For Jocelyn Curteanu, Whitehorse’s first Filipina city councillor, the recent Truth and Reconciliation Commission’s report raised more awareness among the Filipinos in the western arctic region that bore actions to improve relations with the indigenous people in Canada.
“In the process, it has been noted that the First Nations culture bears many similarities to the Filipino culture in terms of their family values, their respect for elders, their sense of community and their strong faith and resilience. Yukon also has a number of Filipinos married into First Nations families and living in rural communities,” she wrote in an email.
Curteanu added that the rapid influx of immigrants to Yukon consequently created “apprehension” for some First Nations people. In response, projects were carried out like “Tlingipino Bingo” interaction through storytelling and songs have opened up channels of communication between Tlingit people and Filipino migrants in northern Canada.
Pinays in the Prairies
In the Canadian Prairies, similar efforts for cultural exchange have also heightened in the past year. A Filipino bilingual elementary school program has been proposed in Seven Oaks Division in Winnipeg.
The program is registering kindergarten to third-grade students with a curriculum split between English and Filipino languages. Organizer Cory Juan, a former teacher and school trustee, notes the program would start by the beginning of the next school year.
The curriculum will be 40 percent in Filipino, and 60 percent in English. Social studies will focus on Philippine history, heritage and culture.
Meanwhile, the Filipino Heritage School in Saskatoon continues to act on its mandate in “Filipino language preservation by offering Tagalog classes to children ages 5 to 13” enrolled in their program, which has been operational since 2006.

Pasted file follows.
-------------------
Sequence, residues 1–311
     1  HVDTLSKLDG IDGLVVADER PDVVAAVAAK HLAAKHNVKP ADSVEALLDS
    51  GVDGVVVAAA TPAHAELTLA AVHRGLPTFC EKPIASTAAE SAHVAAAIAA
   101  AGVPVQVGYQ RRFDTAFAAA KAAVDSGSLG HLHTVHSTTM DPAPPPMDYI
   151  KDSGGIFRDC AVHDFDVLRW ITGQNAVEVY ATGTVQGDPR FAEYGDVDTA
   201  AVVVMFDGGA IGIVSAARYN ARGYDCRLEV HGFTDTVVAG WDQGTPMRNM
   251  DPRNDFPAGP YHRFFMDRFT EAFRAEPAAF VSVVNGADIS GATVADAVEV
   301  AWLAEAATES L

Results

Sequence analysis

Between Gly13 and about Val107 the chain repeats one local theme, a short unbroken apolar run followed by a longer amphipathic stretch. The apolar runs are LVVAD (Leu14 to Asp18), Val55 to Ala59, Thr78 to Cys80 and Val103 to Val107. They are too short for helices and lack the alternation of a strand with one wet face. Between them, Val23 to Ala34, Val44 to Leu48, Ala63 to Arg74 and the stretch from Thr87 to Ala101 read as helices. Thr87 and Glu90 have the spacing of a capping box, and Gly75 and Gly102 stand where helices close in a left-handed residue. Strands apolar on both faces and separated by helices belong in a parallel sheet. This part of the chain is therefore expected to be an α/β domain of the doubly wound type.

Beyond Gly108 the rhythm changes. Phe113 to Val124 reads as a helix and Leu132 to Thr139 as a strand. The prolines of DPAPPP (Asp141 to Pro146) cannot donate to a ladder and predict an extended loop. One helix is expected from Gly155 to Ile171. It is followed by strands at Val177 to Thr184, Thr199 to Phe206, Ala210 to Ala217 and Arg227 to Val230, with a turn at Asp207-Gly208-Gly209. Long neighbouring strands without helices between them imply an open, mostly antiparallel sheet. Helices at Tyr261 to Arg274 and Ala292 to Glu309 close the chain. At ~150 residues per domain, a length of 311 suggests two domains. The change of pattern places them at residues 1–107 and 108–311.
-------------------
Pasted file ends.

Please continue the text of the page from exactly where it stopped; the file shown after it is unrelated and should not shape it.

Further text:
Felicitas Santos-Vargas, who teaches at the school, quips that because of colonial influence, many words in Filipino are more commonly spoken in English; for example, the word “proud” is quite a challenge to translate to some.
“It’s not heard or said often, but there is a direct translation (for the phrase),” she said. “Ipinagmamalaki kita.”
“This (Parliamentary gesture) will inspire every Filipino knowing their resiliency to be proud and continue showcasing the rich culture and traditions away from home,” said Jun Cacayuran, president of Town of Banff’s Filipino Organization in the Rocky Mountains or FORM.
“FORM is planning to celebrate this historic event this coming year in collaboration with [other] Filipino community groups in this part of Alberta,” he said.
Prior to M-155, June was already designated Filipino Heritage Month annually in in the province of Alberta, in the cities of Montreal and Toronto, and by the Toronto Catholic District School Board.
Philippine Ambassador to Canada Petronila Garcia announced that June 2019 celebrations will coincide with the commemoration of the 70th year of diplomatic relations between the two countries.
According to the Philippine Embassy’s press release, Canadian Immigration Minister Ahmed Hussen spoke at the receptions on behalf of the federal government. Hussen assured the Filipino-Canadian community that a pathway towards permanent residency will always be made available to Filipino immigrants, it said.
There are more than 900,000 Filipinos in Canada, the second largest figure after the Filipino diaspora in the United States, it added.